Cosmos, a project in the blockchain industry, prides itself on addressing some of the most challenging problems facing the sector. Among its objectives, the project aims to offer a solution to the “slow, expensive, unscalable, and environmentally harmful” proof-of-work protocols, used by Bitcoin, by creating an ecosystem of interconnected blockchains. Additionally, the project seeks to simplify blockchain technology for developers by providing a modular framework that eases the creation of decentralized apps. Moreover, the project features an Interblockchain Communication protocol that allows blockchain networks to communicate with one another, reducing the fragmentation of the industry.
The project traces its roots back to 2014, with the founding of Tendermint, a significant contributor to the network. In 2016, a white paper was published, and a token sale was held the following year. The ATOM tokens are earned via a hybrid proof-of-stake algorithm, which enhances the security of the project’s flagship blockchain, the Cosmos Hub, and also plays a role in the network’s governance.
The Cosmos network comprises three layers: the application layer, the networking layer, and the consensus layer. The application layer processes transactions and updates the network’s state, while the networking layer facilitates communication between transactions and blockchains. The consensus layer is responsible for enabling nodes to agree on the current state of the system. The project employs an open-source toolkit to connect the various layers and allows developers to build decentralized apps.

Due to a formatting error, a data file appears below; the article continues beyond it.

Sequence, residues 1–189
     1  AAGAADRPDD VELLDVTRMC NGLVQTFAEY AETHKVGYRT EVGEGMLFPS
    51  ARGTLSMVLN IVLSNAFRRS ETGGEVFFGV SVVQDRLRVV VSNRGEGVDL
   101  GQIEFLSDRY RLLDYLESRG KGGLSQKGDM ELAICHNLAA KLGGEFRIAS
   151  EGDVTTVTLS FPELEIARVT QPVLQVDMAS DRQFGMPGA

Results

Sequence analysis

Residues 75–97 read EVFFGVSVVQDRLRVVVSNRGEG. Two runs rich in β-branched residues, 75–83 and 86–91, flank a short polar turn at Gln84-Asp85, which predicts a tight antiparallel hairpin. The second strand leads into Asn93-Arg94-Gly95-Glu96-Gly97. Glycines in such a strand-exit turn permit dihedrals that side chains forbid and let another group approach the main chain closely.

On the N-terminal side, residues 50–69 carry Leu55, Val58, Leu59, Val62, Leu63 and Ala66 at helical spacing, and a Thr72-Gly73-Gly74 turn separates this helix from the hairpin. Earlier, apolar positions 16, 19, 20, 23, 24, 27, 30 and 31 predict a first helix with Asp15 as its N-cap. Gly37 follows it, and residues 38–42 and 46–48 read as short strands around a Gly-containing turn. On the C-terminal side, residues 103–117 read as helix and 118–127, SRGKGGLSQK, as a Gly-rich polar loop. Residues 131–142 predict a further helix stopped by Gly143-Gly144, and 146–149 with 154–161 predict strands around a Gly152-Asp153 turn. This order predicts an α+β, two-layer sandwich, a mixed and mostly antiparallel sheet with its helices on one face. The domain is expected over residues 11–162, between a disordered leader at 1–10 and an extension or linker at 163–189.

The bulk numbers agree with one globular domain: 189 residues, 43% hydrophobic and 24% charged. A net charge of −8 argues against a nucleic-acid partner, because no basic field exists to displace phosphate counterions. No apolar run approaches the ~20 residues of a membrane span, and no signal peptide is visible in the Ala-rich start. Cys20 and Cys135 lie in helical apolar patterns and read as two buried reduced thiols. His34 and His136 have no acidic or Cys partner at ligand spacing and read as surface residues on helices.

At the core of the project’s design is the Tendermint BFT engine, which enables developers to create blockchains without having to code them from scratch. With Tendermint, critical processes like p2p network, consensus algorithm, and transaction processing are bundled into a single package, simplifying the development of blockchain applications.
The Cosmos Hub, the first blockchain established on the Cosmos network, acts as a mediator between the various unique blockchains, referred to as “zones,” that make up the network. The validators of the Cosmos Hub are responsible for ensuring consensus across all the zones and earning fees for their efforts. The native token of the Cosmos Hub is ATOM, which is utilized to pay these fees.
Tendermint Byzantine Fault Tolerance (BFT) is the backbone of Tendermint, a Proof-of-Stake (PoS) governance mechanism that ensures the computers running Cosmos Hub remain in sync. The system employs the Tendermint BFT consensus algorithm, which is a variant of PoS, where validators take turns committing new blocks of transactions to the chain.
The Cosmos team has also created the Cosmos software development kit (SDK), which utilizes Tendermint’s consensus algorithm to create blockchains. The SDK follows a modular philosophy, allowing developers to incorporate different modules to build the kind of blockchain they need. Furthermore, the SDK is compatible with various programming languages, making it accessible to a more extensive range of developers.